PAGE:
$\begin{array}{cc}{\sigma}^{2}I+{\stackrel{~}{H}}_{\stackrel{\_}{1}}{\stackrel{~}{H}}_{\stackrel{\_}{1}}^{T}=\sum _{i=1}^{8}\phantom{\rule{0.3em}{0.3ex}}\left({I}_{N}\otimes {C}_{i}\right)\stackrel{~}{A}\left({I}_{N}\otimes {C}_{i}^{T}\right),& \left(18\right)\end{array}$
where
$\stackrel{~}{A}{\sigma}^{2}/8I+\sum _{k=1}^{K}\phantom{\rule{0.3em}{0.3ex}}{\stackrel{~}{h}}_{8k7}{\stackrel{~}{h}}_{8k7}^{T}.$
Let {tilde over (B)}
(σ
^{2}I+{tilde over (H)}
_{ 1 } {tilde over (H)}
_{ 1 } ^{T})
^{−1 }and note that {tilde over (B)}>0. Using the properties of the matrices {C
_{i}} in (16) and Table 1, it is readily verified that
$\left({I}_{N}\otimes {C}_{i}\right)\stackrel{~}{B}\left({I}_{N}\otimes {C}_{i}^{T}\right)={\left(\left({I}_{N}\otimes {C}_{i}\right)\left(\sum _{i=1}^{8}\phantom{\rule{0.3em}{0.3ex}}\left({I}_{N}\otimes {C}_{i}\right)\stackrel{~}{A}\left({I}_{N}\otimes {C}_{i}^{T}\right)\right)\left({I}_{N}\otimes {C}_{i}^{T}\right)\right)}^{1}=\stackrel{~}{B}.$
As a consequence we can expand {tilde over (B)} as
$\begin{array}{cc}\stackrel{~}{B}=\sum _{i=1}^{8}\phantom{\rule{0.3em}{0.3ex}}\left({I}_{N}\otimes {C}_{i}\right)\left(\stackrel{~}{B}/8\right)\left({I}_{N}\otimes {C}_{i}^{T}\right).& \text{(19)}\end{array}$
Next, invoking the properties of the matrices {C_{i}} and using the fact that {tilde over (B)}={tilde over (B)}^{T}, it can be seen that the matrix
$\left({I}_{N}\otimes {C}_{k}^{T}\right)\left(\sum _{i=1}^{8}\phantom{\rule{0.3em}{0.3ex}}\left({I}_{N}\otimes {C}_{i}\right)\left(\hat{B}/8\right)\left({I}_{N}\otimes {C}_{i}^{T}\right)\right)\left({I}_{N}\otimes {C}_{j}\right),$
where 1≦k, j≦8, is identical to {tilde over (B)} when k=j, is identical when (k, j) or (j, k)ε {(1,3), (2,4), (5,7), (6,8)} and is skew symmetric otherwise. The desired property in (17) directly follows from these facts.
Note that Theorem 1 guarantees the quasiorthogonality property even after interference suppression. In particular, the important point which can be inferred from Theorem 1 is that the joint detection (demodulation) of four complex QAM symbols (or eight PAM symbols) is split into four smaller joint detection (demodulation) problems involving a pair of PAM symbols each. Thus with four MQAM complex symbols the complexity is reduced from
(M
^{4}) to
(M). Furthermore, specializing Theorem 1 to the case when the desired BS (say BS k) employs the quasiorthogonal design and there are no interferers, we see that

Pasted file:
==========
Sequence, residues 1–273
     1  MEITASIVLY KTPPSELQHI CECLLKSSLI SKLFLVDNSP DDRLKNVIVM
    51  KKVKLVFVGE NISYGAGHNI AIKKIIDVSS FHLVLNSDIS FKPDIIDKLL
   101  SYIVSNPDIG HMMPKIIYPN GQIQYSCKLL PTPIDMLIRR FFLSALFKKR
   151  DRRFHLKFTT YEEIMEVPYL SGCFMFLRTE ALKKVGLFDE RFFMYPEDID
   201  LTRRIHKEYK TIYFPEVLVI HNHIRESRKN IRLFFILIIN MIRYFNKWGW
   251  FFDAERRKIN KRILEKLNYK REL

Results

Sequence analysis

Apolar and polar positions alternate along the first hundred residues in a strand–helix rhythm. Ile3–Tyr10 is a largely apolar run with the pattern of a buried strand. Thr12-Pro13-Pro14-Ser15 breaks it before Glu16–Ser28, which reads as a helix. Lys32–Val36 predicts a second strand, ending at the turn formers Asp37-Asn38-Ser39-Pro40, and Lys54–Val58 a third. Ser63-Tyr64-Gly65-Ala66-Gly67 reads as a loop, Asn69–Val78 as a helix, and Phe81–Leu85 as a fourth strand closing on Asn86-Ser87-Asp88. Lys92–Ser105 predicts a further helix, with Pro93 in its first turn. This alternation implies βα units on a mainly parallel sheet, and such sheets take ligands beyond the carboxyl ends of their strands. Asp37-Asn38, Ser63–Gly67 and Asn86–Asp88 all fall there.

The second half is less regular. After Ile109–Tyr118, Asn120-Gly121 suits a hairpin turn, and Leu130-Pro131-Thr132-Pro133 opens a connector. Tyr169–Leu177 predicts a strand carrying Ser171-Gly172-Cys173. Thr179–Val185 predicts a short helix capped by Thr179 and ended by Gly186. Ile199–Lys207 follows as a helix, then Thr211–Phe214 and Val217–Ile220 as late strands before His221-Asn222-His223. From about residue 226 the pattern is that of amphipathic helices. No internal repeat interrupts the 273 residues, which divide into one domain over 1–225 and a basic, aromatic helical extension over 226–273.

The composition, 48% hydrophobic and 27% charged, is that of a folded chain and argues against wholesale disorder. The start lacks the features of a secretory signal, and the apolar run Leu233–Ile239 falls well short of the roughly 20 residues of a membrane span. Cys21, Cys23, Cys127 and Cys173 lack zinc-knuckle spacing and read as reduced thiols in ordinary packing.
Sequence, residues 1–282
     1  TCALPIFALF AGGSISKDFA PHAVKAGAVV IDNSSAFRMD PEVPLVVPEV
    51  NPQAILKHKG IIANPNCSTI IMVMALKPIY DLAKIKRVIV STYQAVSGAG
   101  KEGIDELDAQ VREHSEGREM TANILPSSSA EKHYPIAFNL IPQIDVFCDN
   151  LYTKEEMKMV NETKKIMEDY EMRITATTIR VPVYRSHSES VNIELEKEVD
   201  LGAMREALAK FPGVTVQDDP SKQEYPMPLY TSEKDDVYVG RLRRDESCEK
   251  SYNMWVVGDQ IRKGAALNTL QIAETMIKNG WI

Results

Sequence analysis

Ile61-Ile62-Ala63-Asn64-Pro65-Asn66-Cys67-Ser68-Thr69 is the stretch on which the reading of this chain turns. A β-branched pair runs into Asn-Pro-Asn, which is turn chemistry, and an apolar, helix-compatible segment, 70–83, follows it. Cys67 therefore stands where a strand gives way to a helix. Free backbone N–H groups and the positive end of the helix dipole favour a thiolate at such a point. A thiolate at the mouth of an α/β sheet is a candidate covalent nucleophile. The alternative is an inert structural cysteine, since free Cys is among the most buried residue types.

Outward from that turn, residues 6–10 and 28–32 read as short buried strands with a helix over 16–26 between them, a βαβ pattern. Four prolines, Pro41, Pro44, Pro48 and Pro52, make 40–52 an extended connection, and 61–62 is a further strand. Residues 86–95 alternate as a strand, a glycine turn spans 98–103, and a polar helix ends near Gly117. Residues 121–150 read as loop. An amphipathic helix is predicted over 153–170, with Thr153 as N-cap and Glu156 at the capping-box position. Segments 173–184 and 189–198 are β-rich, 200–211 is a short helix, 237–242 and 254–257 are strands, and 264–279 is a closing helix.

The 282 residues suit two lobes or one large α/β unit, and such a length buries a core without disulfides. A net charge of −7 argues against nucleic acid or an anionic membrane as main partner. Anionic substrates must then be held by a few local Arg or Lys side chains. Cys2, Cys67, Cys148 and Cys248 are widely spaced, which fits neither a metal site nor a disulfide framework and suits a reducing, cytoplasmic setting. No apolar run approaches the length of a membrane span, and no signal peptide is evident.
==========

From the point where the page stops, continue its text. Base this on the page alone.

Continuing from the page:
{tilde over (H)} _{k} ^{T} {tilde over (H)} _{k}=α
_{k} C _{1}+β
_{k} C _{3}. (20)
(20) implies that maximum likelihood decoding complexity of the quasiorthogonal design is
(M) instead of the more pessimistic
(M
^{2}) claimed by the original contribution. We note that a different quasiorthogonal design referred to as the minimum decoding complexity quasiorthogonal design, was proposed for a pointtopoint MIMO system in the prior art, which was shown to have an ML decoding complexity of
(M).
Finally, it can be inferred from the sequel that β
_{k}=0 in (17), when no BS in {k, k+1, . . . , K} employs the quasi orthogonal design.
4. Efficient Inverse Computation
In this section we utilize the structure of the covariance matrix {tilde over (R)}
σ
^{2}I+{tilde over (H)}{tilde over (H)}
^{T }to efficiently compute its inverse. Consequently, the complexity involved in computing the MMSE filters is significantly reduced. Let {tilde over (S)}={tilde over (R)}
^{−1 }From (18) and (19), it follows that we can expand both {tilde over (R)}, {tilde over (S)} as
$\begin{array}{cc}\stackrel{~}{R}=\left[\begin{array}{ccc}\sum _{i=1}^{8}\phantom{\rule{0.3em}{0.3ex}}{C}_{i}{P}_{11}{C}_{i}^{T}& \cdots & \sum _{i=1}^{8}\phantom{\rule{0.3em}{0.3ex}}{C}_{i}{P}_{1N}{C}_{i}^{T}\\ \vdots & \cdots & \vdots \\ \sum _{i=1}^{8}\phantom{\rule{0.3em}{0.3ex}}{C}_{i}{P}_{N\phantom{\rule{0.3em}{0.3ex}}1}{C}_{i}^{T}& \cdots & \sum _{i=1}^{8}\phantom{\rule{0.3em}{0.3ex}}{C}_{i}{P}_{\mathrm{NN}}{C}_{i}^{T}\end{array}\right]\text{}\stackrel{~}{S}=\left[\begin{array}{ccc}\sum _{i=1}^{8}\phantom{\rule{0.3em}{0.3ex}}{C}_{i}{Q}_{11}{C}_{i}^{T}& \cdots & \sum _{i=1}^{8}\phantom{\rule{0.3em}{0.3ex}}{C}_{i}{Q}_{1N}{C}_{i}^{T}\\ \vdots & \cdots & \vdots \\ \sum _{i=1}^{8}\phantom{\rule{0.3em}{0.3ex}}{C}_{i}{Q}_{N\phantom{\rule{0.3em}{0.3ex}}1}{C}_{i}^{T}& \cdots & \sum _{i=1}^{8}\phantom{\rule{0.3em}{0.3ex}}{C}_{i}{Q}_{\mathrm{NN}}{C}_{i}^{T}\end{array}\right],& \left(21\right)\end{array}$
where {P_{ij}, Q_{ij}}_{i,j=1} ^{N }are 8×8 matrices such that
P_{ji}=P_{ij} ^{T}, Q_{ji}=Q_{ij} ^{T}, 1≦i, j≦N. (22)
The inverse {tilde over (S)} can be computed recursively starting from the bottomright submatrix of {tilde over (R)} using the following inverse formula for block partitioned matrices
$\begin{array}{cc}{\left[\begin{array}{cc}E& F\\ G& H\end{array}\right]}^{1}=\left[\begin{array}{cc}{\left(E{\mathrm{FH}}^{1}G\right)}^{1}& {\left(E{\mathrm{FH}}^{1}G\right)}^{1}{\mathrm{FH}}^{1}\\ {H}^{1}{G\left(E{\mathrm{FH}}^{1}G\right)}^{1}& {H}^{1}+{H}^{1}{G\left(E{\mathrm{FH}}^{1}G\right)}^{1}{\mathrm{FH}}^{1}\end{array}\right]& \left(23\right)\end{array}$
The following properties ensure that the computations involved in determining {tilde over (S)} are dramatically reduced.